Reaching a wide audience through marketing strategies is also a large part of a publishing house’s job as John Thompson discusses in Merchants of Culture where Phil, an online marketing manager for a large publishing corporation in the US, gets authors blogging in order to give them a platform to be out there and to start talking. Phil said: ‘We set everything up on the back end so people can find the blog, and then let them unleash and do their thing.’ This is a time consuming process, especially if the author is unfamiliar with using publishing and social media platforms, or is unenthusiastic about doing so. Food bloggers will have this work in place, minimising publishers’ time and costs, and successful blogs will have built up a large following – the primary target audience for a published product.
How do publishers discover ‘hot’ blogs?
So how do publishers discover ‘hot’ blogs? Back to Davis, who says this is done ‘Primarily through seeing what everyone’s talking about on Twitter and whose pictures are being shared on Instagram’. As with Twitter, Tumblr – a microblogging platform somewhere between Twitter and WordPress – is also a place of interest for publishers. Regarding Tumblr, the Udemy Blog notes that ‘instead of writing complete posts, users are encouraged to share individual pictures, infographics, comics, videos and links,’ and can publish posts ‘on the fly’, making this an immediate and current source of outlet. Davis also indicates that the media are increasingly pointing out up-and-coming blogs, and that he ‘keeps an ear to the ground by talking to existing authors and others in the industry about who they’ve come across on their travels’.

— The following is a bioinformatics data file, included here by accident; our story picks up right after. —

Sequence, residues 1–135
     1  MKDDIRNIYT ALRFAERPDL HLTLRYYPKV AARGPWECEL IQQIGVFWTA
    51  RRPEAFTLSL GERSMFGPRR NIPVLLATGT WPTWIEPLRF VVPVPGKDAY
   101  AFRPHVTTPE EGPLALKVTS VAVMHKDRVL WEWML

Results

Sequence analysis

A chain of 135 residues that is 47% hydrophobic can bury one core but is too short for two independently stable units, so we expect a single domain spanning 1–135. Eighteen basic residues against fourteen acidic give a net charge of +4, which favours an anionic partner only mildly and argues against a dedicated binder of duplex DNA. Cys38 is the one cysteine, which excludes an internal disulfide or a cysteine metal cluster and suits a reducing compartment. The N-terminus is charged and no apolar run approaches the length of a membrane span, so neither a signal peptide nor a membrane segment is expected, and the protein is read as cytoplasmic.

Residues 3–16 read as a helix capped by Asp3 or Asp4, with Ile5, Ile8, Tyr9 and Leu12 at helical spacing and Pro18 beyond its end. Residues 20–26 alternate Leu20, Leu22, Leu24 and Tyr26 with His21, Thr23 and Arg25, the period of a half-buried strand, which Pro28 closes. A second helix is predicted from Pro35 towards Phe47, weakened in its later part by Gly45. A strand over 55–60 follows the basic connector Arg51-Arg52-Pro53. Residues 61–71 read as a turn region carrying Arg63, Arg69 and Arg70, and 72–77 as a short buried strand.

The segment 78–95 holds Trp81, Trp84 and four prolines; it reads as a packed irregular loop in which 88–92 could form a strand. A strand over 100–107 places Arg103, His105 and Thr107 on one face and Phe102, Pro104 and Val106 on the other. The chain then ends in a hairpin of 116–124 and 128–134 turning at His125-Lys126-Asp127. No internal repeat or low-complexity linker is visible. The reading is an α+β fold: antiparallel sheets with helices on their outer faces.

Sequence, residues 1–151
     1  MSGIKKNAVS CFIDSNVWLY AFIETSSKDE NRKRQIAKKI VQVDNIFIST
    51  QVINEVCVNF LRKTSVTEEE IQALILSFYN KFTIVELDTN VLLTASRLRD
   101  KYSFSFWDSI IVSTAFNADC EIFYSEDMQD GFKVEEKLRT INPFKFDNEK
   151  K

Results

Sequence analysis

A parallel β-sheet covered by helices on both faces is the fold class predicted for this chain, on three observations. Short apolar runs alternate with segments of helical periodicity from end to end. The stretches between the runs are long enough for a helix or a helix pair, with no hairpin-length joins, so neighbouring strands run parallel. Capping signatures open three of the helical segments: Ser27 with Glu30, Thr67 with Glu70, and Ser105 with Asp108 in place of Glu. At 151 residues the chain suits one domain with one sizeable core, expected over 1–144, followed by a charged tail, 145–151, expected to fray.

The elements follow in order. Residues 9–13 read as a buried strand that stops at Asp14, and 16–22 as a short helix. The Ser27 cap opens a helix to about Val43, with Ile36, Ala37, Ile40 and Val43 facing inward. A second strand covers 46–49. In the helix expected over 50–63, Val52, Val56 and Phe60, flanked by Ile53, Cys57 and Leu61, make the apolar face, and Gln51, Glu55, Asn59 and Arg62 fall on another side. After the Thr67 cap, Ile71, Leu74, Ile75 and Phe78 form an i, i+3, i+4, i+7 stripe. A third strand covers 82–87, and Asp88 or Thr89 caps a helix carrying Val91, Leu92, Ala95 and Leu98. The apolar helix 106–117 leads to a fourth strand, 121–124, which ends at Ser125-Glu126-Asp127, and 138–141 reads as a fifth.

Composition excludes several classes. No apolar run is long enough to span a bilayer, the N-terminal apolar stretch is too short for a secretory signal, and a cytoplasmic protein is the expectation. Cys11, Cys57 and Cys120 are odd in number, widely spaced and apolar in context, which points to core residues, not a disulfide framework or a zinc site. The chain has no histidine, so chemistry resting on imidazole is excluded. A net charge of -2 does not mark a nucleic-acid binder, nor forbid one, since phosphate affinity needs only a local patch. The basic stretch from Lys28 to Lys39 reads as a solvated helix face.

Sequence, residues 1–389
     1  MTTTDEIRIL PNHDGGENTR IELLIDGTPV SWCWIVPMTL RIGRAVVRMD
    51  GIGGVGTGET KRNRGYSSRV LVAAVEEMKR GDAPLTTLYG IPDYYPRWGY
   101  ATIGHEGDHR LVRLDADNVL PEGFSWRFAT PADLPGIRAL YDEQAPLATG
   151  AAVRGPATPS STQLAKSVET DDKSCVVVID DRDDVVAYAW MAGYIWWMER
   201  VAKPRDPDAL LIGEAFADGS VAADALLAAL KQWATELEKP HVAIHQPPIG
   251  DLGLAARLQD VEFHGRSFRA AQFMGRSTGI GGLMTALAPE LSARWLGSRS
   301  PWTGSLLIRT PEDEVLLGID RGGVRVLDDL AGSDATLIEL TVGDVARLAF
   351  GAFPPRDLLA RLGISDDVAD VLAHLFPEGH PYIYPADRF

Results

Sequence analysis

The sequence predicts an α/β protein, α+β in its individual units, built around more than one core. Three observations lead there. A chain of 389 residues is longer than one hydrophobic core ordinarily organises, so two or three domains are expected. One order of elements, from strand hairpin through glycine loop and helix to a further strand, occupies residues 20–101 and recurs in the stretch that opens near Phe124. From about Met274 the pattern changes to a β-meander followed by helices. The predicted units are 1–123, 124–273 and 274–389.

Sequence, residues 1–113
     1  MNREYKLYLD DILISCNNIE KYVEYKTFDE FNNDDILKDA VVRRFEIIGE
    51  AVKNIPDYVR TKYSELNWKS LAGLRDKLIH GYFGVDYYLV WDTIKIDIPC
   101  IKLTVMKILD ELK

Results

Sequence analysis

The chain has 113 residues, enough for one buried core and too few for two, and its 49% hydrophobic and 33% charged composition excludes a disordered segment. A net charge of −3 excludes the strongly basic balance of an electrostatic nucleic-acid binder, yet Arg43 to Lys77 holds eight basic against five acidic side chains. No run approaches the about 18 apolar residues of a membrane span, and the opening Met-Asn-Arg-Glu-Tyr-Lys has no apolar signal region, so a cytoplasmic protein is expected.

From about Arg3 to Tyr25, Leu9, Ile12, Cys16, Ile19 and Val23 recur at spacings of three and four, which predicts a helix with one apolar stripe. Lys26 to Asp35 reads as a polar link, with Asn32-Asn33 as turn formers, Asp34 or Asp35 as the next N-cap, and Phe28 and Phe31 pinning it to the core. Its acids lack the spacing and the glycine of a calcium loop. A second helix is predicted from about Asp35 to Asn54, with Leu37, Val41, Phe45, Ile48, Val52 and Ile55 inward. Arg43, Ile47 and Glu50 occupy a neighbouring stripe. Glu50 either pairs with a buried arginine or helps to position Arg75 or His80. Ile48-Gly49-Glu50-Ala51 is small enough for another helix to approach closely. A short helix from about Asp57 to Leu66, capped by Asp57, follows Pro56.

What marks out bloggers who become authors is that through interacting with their readers via blogs and social networking sites they are able to generate goodwill and a shared sense of endeavour. In a market currently saturated by old hands and celebrity chefs who trade on their reputation as trustworthy experts this marks a new departure for book publishers – The Guardian.
Analytics and evidence
Analytics provided by social media and specialist websites such as Blogdex and memetracker are exceptionally useful in providing information to publishers looking for popular blogs. Uses of Blogs explains that Blogdex, a website analysing and charting the most discussed blog posts, ‘scours blogs for the sites to which bloggers link in the context of their posts, thus providing a useful guide to ‘what’s hot’ in the blogosphere’. Memetracker allows users to vote for links to posts they find of interest, while Online Marketing Essentials notes that Technorati can be used to ‘keep tabs on Internet buzz, both to monitor online reputation and to see what trends are emerging’.
Such statistics delivered by these analytical websites and devices allow publishers to assess possible book sales and justify working with bloggers. A New York Times article reported that ‘Google Analytics show that SmittenKitchen.com had 6 million unique views and nearly 10 million page views in November, a huge audience’ – excellent evidence to pitch a book on, but goes on to say that ‘editors say there is no magic formula for knowing which bloggers have audiences that are invested enough in them to purchase an expensive hardcover when much of the material is available free online’, and this is where web interaction plays a pivotal role.